Radiation therapy uses high-energy beams to kill cancer cells. It can be used alone or in combination with surgery.

Chemotherapy uses drugs to kill cancer cells. It can be given intravenously (through an IV) or orally (by mouth). Chemotherapy is often used in combination with radiation therapy and/or surgery.

The lowdown

Cold sores are a common and harmless condition that can be treated at home with OTC medications. However, lip cancer is a serious disease that can be fatal if left untreated. So, if you think you may have lip cancer, you must see a doctor for diagnosis and treatment.


Here are some common questions about lip cancer and cold sores, along with their answers.

Can cold sores turn into cancer?

No, cold sores cannot turn into cancer. However, lip cancer sometimes resembles a cold sore. The risk of lip cancer is increased by long-term exposure to UV radiation from the sun or tanning beds and smoking cigarettes. 

How long does it take for lip cancer to develop?

Lip cancer can take years to develop but can also happen faster. If you notice a sore on your lips that’s not healing within two weeks, see a doctor to find out whether it’s lip cancer. The sooner it’s caught, the easier it is to treat.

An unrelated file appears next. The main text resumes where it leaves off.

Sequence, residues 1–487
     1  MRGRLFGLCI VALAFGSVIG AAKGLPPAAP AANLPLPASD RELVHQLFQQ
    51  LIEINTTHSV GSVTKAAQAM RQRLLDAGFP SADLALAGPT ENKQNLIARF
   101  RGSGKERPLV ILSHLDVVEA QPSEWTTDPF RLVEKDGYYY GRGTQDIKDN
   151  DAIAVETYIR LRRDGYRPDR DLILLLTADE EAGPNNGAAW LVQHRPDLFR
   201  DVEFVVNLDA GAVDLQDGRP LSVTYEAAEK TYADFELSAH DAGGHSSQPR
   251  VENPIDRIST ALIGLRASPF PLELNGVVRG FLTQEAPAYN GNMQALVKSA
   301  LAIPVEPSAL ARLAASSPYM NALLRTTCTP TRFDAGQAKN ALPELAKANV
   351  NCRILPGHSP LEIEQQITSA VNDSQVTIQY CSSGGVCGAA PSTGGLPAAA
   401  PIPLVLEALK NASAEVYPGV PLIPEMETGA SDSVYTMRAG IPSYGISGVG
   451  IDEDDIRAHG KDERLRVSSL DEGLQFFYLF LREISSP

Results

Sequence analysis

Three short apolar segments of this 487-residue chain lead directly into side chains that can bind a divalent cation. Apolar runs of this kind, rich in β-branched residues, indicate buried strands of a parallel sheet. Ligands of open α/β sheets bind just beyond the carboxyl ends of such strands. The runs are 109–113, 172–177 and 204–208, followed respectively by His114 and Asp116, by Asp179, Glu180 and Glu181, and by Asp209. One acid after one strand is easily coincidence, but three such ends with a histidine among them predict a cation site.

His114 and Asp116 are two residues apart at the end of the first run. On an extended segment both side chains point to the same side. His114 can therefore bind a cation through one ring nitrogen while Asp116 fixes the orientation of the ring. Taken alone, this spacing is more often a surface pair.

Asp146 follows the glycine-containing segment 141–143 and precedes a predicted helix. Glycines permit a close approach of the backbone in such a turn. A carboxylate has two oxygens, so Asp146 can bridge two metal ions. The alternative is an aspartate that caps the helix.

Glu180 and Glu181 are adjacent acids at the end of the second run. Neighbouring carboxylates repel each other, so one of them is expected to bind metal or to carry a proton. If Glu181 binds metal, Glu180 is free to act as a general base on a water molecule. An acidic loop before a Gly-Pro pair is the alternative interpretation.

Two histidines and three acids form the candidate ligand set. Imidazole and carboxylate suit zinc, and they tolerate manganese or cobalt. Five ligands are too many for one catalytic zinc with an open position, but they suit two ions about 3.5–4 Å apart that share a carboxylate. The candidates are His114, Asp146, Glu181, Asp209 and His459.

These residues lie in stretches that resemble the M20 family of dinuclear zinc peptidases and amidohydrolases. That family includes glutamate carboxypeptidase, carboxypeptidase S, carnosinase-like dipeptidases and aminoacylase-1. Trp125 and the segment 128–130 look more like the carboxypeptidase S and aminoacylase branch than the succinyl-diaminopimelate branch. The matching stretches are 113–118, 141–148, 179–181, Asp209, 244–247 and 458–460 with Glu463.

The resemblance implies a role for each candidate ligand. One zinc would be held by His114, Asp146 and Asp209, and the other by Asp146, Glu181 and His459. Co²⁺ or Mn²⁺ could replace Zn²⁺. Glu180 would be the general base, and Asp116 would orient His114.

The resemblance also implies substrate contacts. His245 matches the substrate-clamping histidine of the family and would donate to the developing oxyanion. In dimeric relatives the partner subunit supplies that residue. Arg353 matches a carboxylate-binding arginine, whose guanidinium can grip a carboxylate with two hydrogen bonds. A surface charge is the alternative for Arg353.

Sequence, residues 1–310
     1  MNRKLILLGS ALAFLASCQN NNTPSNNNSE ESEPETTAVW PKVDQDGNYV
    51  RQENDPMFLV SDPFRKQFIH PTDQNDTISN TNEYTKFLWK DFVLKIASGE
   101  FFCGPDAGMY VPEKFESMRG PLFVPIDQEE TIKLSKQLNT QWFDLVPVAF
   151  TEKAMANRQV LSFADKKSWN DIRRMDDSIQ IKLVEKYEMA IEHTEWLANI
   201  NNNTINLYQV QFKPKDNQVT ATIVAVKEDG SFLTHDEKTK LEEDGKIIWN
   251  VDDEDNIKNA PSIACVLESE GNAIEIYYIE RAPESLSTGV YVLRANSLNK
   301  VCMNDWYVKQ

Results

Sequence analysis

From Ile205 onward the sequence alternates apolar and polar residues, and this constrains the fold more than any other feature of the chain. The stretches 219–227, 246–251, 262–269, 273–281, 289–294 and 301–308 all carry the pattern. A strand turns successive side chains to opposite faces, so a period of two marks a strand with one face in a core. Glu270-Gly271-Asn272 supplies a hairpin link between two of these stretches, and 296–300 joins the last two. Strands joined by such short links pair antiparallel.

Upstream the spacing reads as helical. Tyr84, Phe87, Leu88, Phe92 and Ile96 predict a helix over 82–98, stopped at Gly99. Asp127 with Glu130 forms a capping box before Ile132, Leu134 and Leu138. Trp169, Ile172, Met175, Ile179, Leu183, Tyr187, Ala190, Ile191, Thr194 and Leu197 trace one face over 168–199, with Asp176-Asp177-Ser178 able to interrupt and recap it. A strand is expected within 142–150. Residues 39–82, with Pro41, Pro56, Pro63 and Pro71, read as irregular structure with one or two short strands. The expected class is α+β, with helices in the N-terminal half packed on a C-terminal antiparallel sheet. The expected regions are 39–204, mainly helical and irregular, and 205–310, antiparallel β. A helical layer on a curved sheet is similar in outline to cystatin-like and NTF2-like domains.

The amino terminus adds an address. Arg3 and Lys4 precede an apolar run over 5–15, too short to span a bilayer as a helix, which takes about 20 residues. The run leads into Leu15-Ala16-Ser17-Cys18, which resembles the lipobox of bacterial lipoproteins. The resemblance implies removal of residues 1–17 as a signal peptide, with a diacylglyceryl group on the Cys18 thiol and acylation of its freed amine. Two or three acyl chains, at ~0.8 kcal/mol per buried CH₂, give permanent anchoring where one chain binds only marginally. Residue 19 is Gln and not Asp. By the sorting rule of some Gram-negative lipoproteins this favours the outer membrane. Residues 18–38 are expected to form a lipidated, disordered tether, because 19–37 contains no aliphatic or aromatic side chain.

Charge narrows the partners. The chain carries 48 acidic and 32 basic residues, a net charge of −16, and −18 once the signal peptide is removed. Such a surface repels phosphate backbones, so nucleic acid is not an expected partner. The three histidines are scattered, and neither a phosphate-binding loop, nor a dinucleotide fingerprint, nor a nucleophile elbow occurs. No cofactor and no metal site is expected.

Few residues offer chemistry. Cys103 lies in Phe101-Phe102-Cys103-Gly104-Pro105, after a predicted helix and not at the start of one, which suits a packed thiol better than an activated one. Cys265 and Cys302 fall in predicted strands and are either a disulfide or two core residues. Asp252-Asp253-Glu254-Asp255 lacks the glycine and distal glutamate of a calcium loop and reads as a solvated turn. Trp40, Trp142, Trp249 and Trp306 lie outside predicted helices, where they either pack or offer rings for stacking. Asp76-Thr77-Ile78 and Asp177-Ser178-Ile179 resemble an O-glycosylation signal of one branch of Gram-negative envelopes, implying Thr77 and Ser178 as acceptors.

What are the symptoms of lip cancer?

The symptoms of lip cancer include a sore or bump on the lips that don't heal, bleeds, and swells. Lip cancer can also cause changes in the color of the lips and pain or numbness in the affected area.

Can lip cancer be cured?

Yes, it's possible to cure lip cancer. Lip cancer is one of the most curable types of cancer. More than 90% of people with lip cancer become disease-free after treatment. The earlier the diagnosis is made, the greater the chances of curing cancer.

  1. What are the risk factors for lung cancer? | Centers for Disease Control and Prevention

Other sources:

  • Oral herpes | Johns Hopkins Medicine

  • Lip cancer | The University of Texas Health Science Center at Houston (UTHealth Houston)